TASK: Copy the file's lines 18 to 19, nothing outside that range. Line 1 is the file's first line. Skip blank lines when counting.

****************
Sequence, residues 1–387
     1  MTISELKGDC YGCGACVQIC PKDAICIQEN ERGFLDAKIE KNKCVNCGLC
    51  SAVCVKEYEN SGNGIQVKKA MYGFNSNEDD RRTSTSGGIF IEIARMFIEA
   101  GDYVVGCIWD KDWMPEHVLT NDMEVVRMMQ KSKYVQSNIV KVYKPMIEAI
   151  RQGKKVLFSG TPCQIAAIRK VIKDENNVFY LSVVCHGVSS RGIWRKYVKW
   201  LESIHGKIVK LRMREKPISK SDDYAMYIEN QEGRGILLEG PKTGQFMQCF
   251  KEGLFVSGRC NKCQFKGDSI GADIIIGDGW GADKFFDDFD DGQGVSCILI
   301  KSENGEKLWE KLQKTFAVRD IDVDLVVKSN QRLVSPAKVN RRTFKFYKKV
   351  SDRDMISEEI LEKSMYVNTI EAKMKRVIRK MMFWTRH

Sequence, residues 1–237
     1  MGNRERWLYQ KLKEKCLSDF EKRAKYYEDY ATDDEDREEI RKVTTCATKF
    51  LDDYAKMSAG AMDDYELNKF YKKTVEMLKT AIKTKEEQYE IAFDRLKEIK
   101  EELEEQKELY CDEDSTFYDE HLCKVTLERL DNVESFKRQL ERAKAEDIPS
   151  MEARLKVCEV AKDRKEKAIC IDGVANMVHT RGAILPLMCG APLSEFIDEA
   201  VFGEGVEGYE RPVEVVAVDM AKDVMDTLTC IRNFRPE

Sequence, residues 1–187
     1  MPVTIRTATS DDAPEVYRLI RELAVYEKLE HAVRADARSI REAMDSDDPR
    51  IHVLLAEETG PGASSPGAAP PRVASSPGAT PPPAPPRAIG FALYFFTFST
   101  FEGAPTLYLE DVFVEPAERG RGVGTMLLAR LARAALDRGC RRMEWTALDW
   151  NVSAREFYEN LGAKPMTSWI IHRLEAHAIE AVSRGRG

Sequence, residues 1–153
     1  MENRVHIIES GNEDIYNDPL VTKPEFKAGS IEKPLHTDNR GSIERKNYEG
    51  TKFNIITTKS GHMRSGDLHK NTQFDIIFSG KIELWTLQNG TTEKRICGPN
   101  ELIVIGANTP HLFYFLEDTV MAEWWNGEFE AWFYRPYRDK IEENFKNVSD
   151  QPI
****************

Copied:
    51  IHVLLAEETG PGASSPGAAP PRVASSPGAT PPPAPPRAIG FALYFFTFST
   101  FEGAPTLYLE DVFVEPAERG RGVGTMLLAR LARAALDRGC RRMEWTALDW